Last night Betsy and I watched WITNESS with our daughter Kristin and son-in-law Jared in Maryland. Betsy often used this movie in her ESL classes to point out cultural differences, and I used it once or twice in my Cinema class. How did it hold up? As we know, most movies made in and about their time periods don't age too well. But WITNESS is a rare and worthy exception.
Filmed in 1985, WITNESS stars Harrison Ford as tough, principled Philadelphia cop John Book, who is drawn by accident into an Amish community. A young Amish boy is the only witness to a brutal knifing in a public bathroom. This scene creates suspense through the use of sharp editing and close-ups of the boy as he sees the assault. His near discovery by the killer is harrowing. The investigating officer John Book is forced to go into hiding in the Amish community to protect himself and the boy from corrupt police officials he wants to expose. The stark contrast between Book's ordinarily violent life and the calm peace of the Amish farmland provides the strongest part of the film. A hardened loner, Book finds himself falling in love with Samuel's mother Rachel (Kelley McGinnis) and the Amish ways. The soothing shots of golden wheat waving in the wind and the Amish men erecting a barn while the women prepare their meal are among the most beautiful in the film. But the quiet, breath-taking images of McGinnis standing in a door with golden light illuminating her face and her simple Amish dress are the most memorable in their allusions to the painter Vermeer. Of course, we see these images through Book's eyes, which makes them even more poignant.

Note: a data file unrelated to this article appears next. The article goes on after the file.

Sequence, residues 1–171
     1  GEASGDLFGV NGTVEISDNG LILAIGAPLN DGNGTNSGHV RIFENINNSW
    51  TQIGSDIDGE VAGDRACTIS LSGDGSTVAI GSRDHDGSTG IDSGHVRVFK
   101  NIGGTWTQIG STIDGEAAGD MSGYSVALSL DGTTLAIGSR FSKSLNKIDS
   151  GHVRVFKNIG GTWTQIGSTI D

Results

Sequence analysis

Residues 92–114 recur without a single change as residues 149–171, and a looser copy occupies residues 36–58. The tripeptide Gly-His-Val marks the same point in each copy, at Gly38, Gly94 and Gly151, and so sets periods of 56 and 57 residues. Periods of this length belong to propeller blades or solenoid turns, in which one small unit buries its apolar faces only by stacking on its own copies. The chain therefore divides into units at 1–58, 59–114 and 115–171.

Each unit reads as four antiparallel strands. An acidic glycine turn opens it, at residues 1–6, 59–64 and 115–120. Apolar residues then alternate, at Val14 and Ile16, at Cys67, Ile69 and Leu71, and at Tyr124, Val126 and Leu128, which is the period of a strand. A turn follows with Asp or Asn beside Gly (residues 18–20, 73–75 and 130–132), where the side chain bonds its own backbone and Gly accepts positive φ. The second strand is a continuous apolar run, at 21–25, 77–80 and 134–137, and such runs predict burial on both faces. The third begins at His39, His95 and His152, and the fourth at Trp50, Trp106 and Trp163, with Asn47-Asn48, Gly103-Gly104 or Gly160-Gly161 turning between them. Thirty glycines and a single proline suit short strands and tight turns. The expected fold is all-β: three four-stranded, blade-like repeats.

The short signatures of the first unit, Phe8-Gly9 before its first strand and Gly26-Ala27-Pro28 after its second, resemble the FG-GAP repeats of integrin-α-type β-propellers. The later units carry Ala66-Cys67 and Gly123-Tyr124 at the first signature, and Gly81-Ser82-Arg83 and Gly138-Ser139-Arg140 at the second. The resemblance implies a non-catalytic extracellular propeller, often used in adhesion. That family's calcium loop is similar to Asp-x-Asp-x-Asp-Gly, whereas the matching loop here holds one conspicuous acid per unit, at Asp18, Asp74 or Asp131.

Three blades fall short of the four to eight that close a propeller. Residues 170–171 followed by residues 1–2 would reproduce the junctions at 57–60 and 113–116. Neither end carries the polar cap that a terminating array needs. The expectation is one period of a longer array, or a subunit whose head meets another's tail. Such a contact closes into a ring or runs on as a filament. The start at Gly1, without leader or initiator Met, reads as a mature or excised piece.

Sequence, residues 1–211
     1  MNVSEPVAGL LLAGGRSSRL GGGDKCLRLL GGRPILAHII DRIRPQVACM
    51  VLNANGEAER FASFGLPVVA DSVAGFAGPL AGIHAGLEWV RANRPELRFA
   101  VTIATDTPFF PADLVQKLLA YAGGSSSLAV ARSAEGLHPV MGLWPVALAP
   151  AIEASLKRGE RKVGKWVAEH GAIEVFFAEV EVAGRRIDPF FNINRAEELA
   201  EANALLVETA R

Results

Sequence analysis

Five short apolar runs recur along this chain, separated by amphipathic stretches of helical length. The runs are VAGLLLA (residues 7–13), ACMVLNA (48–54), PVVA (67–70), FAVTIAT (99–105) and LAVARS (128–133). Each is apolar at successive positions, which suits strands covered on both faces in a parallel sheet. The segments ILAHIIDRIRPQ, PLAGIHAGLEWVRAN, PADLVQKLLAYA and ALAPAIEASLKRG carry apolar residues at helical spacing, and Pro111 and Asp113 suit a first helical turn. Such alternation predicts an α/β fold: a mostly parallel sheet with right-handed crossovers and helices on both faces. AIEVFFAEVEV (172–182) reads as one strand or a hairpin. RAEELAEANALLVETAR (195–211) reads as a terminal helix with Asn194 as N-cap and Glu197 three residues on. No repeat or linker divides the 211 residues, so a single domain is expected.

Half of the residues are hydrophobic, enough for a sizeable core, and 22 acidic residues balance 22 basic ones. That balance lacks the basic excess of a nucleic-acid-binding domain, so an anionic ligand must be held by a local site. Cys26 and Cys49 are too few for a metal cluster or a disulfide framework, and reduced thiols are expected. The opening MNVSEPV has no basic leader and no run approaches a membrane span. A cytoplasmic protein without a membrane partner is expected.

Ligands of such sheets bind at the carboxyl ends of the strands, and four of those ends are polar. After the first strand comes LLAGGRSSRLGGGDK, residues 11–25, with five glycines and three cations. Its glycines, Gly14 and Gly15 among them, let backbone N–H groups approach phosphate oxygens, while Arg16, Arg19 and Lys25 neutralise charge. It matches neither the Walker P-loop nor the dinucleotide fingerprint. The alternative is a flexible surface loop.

Austrailian director Peter Weir has given this material grace and subtlety and a perfect cast, especially Lucas Haas as the boy Samuel. Those wide, wondering eyes see so much and lead us to see even more. Time to see WITNESS again.